The butene displacement reaction may be carried out under almost the same conditions as those for the above-mentioned ethylene displacement reaction. in the butene displacement reaction, TEA is reacted with butene-1 (in the butene-1 fraction) in the substantial absence of other olefins to give a reaction product composed of tributyl aluminum, ethylene, and unreacted butene-1. The reaction product hardly contains branched α-olefins. In other words, the resulting linear α-olefins are of high purity.

In the fourth separation step, the reaction product obtained in the butene displacement step is distilled for separation of tributyl aluminum and ethylene (and unreacted butene-1, if necessary).

The separation of tributyl aluminum (which has a comparatively high boiling point) from ethylene and butene-1 (which have a comparatively low boiling point) can be accomplished readily at a relatively low temperature. The separation by distillation hardly forms any substance which lowers the purity of the linear α-olefins. Distillation should be carried out at 760 Torr and 20 as to give tributyl aluminum of high purity.

The thus obtained tributyl aluminum is usually recycled to the second ethylene growth step. On the other hand, the unreacted triethyl aluminum is usually recycled to the first ethylene growth step. In this way, the triethyl aluminum and tributyl aluminum obtained in the ethylene displacement reaction and/or the butene displacement reaction are usually recycled to the ethylene growth steps.

The process of the present invention may be supplemented with the following steps, if necessary.

[Hexene Displacement Step]

In this step, into hexane displacement reactor are introduced the hexene-1 obtained in the third separation step and part of the TEA obtained in the second separation step so as to yield trihexyl aluminum and ethylene. Usually the reaction product also contains unreacted hexene-1. This step is intended to make the final product to contain no or a little hexene-1 by recycling hexene-1 fraction obtained in the third separation step. The hexene displacement may be accomplished under almost the same conditions as for the above-mentioned ethylene displacement step.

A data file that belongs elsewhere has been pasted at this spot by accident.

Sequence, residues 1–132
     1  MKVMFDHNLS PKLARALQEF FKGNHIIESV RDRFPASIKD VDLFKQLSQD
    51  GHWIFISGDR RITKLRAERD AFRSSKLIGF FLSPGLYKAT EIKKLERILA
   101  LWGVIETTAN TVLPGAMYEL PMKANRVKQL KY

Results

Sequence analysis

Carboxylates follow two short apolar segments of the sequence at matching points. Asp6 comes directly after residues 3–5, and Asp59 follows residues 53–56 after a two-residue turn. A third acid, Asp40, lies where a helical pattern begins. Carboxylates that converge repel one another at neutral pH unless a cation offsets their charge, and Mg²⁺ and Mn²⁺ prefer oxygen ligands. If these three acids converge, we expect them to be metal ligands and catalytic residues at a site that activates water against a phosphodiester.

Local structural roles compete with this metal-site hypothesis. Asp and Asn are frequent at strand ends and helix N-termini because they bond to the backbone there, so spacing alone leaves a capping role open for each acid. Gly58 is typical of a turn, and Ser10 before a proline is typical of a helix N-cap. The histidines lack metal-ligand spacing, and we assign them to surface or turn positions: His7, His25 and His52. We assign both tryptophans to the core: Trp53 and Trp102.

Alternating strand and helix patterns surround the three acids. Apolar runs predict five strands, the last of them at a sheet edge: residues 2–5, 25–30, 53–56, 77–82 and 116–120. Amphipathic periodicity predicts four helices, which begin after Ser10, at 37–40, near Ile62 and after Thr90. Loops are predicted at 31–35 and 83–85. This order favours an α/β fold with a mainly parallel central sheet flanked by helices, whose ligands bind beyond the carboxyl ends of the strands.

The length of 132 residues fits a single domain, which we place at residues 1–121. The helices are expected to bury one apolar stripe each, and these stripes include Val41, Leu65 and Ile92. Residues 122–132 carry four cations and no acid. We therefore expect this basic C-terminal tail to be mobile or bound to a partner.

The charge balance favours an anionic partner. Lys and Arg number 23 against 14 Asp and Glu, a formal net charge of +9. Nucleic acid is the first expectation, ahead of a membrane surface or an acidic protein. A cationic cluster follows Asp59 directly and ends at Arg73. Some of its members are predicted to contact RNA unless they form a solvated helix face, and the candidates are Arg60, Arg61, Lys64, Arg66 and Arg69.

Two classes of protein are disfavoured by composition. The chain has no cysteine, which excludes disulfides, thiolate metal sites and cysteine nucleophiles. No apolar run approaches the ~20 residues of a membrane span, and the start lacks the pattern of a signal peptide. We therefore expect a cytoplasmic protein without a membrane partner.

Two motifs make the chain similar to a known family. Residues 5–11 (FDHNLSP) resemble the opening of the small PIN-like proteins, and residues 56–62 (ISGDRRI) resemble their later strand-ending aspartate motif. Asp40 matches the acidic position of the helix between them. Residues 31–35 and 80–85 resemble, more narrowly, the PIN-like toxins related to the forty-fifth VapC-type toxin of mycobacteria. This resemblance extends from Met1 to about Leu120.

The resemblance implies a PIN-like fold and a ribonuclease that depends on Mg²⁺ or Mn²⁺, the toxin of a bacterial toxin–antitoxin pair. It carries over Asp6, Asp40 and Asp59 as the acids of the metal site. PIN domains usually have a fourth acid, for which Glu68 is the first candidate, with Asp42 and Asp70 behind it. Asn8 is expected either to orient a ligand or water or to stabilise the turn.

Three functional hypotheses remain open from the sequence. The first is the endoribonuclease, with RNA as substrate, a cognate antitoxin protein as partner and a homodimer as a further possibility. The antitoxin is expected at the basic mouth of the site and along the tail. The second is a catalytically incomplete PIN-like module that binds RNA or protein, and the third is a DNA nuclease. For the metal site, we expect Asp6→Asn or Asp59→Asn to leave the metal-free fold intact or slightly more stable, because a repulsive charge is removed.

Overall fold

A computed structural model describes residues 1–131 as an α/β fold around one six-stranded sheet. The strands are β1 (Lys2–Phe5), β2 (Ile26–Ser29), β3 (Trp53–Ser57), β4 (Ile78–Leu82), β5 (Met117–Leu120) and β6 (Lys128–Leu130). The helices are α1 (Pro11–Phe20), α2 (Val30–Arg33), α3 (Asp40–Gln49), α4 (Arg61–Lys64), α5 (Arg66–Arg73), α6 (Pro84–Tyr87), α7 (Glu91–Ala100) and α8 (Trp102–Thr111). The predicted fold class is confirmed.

[Fifth Separation Step]

This step is intended to separate the product obtained in the hexene displacement step into trihexyl aluminum and ethylene by distillation. This step is also intended to distill away unreacted hexene-1, if it is present. Their separation is easy to carry out because trihexyl aluminum has a higher boiling point than ethylene and hexene, and the separated trihexyl aluminum has a high purity. Distillation should be carried out at 760 Torr and 60 thus separated trihexyl aluminum may be recycled to the third ethylene growth step.

[Third Ethylene Growth Step]

In this step, into third ethylene growth reactor are introduced the trihexyl aluminum and ethylene obtained in the fifth separation step so as to form higher trialkyl aluminum and α-olefins by ethylene growth reaction. The ethylene growth step may be carried out under almost the same conditions as those for the above-mentioned first ethylene growth step.

EXAMPLES

The invention will be described in more detail with reference to the following examples.

Example 1

(1) Ethylene growth was carried out by supplying a tubular reactor with TEA and ethylene in a molar ratio of 1:50 (TEA/ethylene) at 100 200 kg/cm.sup.2 G such that the average residence time was 4 hours. There was obtained higher trialkyl aluminum whose carbon distribution obeys the Poisson distribution, with the average carbon number being 6-8.